More design specifics will be presented to the Board of Regents in March, but Swanson said plans call for downsizing the new auditorium to about 1,800 seats, which will improve the experience for audiences and performers alike.
That’s the going trend in arts construction, he said, unlike the larger houses built when Hancher opened in 1972.
“You don’t see facilities built at that size now,” Swanson said. “We’re after the best experience we can bring to our audience. Acoustically it’s going to be amazing, the sightlines will be terrific. It’s all about the experience. The architects are thrilled to be working with a capacity of this size. I do think we’ll end up being so pleased with the final product.”
With scaled-back seasons and seating capacities at host venues, Hancher attendance totals have fallen from 55,103 over 53 events in the 2006-07 season to 12,274 over 23 events in the 2010-11 season.
Programming revenues have fallen from nearly $2.5 million in 2006-07 to $874,169 in 2010-11.
Programming expenses have fallen accordingly, but rental income from receptions, meetings and other public uses have washed away. (see chart)
Since Hancher is not a stand-alone entity like Theatre Cedar Rapids, Orchestra Iowa or other area presenters displaced by the floods, the UI can cover Hancher shortfalls until it moves into its new home and ramps up programming and other campus and community offerings.
Despite having fewer events and audience numbers, Hancher-on-the-go continues to make a major local impact on communities where performances are given.
“It’s one of the more signature attractions for our community,” said Josh Schamberger, 38, of Coralville, president of the Iowa City/Coralville Convention and Visitors Bureau.
“I refer to it as one of our ‘attracters’ — an attraction that in and of itself, has the ability to bring people to our community,” he said.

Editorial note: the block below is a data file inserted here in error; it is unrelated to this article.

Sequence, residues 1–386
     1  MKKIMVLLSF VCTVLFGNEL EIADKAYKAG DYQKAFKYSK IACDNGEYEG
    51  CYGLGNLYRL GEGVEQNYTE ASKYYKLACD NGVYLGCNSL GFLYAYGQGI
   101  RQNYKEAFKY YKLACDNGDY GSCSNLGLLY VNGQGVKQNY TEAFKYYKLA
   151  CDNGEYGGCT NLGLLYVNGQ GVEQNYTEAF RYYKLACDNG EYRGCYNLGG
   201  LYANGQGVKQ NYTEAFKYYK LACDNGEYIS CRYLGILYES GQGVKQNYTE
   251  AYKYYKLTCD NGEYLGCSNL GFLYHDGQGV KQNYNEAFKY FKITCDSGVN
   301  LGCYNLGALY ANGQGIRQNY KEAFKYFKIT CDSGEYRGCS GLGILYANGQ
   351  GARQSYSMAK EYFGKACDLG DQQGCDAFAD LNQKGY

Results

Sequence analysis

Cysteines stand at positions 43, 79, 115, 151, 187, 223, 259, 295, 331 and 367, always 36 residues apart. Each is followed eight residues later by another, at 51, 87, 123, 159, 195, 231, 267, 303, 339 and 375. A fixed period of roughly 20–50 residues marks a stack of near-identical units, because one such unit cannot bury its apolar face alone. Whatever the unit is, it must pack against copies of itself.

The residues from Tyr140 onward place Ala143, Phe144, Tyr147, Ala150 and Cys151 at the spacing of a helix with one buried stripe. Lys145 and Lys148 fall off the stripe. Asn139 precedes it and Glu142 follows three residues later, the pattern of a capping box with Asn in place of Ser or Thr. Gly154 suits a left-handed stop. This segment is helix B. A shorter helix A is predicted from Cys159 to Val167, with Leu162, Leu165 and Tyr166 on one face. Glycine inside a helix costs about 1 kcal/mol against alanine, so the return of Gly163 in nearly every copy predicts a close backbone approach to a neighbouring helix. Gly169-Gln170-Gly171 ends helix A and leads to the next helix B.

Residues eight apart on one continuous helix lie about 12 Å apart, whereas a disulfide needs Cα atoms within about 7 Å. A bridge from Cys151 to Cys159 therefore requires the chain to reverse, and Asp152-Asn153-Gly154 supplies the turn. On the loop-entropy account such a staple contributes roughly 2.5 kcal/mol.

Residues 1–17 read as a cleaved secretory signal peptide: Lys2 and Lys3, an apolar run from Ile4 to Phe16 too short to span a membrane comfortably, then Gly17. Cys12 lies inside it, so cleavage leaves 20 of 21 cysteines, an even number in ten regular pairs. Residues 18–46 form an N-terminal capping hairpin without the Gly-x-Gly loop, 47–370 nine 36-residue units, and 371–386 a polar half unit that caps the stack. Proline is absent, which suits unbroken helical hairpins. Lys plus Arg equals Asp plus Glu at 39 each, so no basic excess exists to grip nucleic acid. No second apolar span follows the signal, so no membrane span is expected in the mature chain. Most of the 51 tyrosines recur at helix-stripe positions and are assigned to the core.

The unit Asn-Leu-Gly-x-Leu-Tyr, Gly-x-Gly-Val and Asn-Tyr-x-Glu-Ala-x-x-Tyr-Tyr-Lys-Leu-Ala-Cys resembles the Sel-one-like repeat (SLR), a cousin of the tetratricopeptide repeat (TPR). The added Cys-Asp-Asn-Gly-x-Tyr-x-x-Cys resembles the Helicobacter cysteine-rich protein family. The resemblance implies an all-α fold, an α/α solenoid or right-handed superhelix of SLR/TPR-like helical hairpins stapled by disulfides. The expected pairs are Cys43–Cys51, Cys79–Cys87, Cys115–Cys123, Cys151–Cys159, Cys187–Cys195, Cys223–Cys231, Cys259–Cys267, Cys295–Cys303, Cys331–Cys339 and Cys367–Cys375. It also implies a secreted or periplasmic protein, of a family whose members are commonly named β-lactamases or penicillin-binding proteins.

Even so, “the quicker they can get that (building) back up, the better for our community,” Schamberger said.
Exact economic impact figures aren’t tracked, Swanson and Schamberger said, but Swanson noted that in addition to audience dollars filtering through area businesses, the artists spend money locally.
He said the Boston Pops reserved 100 hotel rooms for its personnel while in Iowa City.
“Ballet West and Hubbard Street (dancers) were here for three weeks,” he added. “These artists get out. They love to shop, they love to eat and they spend money. There’s still stuff out there happening.”
Ginsberg said: “Hancher provides an alter-ego in the state that’s irreplaceable, a cultural and economic attraction where people linger. Hancher is a big reason people come here, outside of athletics and academics. Culture is a big attraction. They wouldn’t have branded us the ‘Creative Corridor’ for no reason. Hancher is part of the denominator of that brand.”
Ginsberg, who makes a six-figure investment in area arts programming, including Hancher, calls it “an easy decision to make as part of my marketing budget,” one that makes good business sense.
“Every city has a simple grocery store, but not every city has a world-class theater,” he said.
Part of the Hancher challenge is meeting students’ academic needs, as well as providing cultural opportunities that foster continuing interest and support of the arts.
By 2015, an entire generation of students will not have experienced the aura of the former Hancher building and its grand lobby.
“Great artists are not just about the venue,” Swanson said. “We’ve continued to create those experiences that we talk about as the ‘true Hancher experience.’”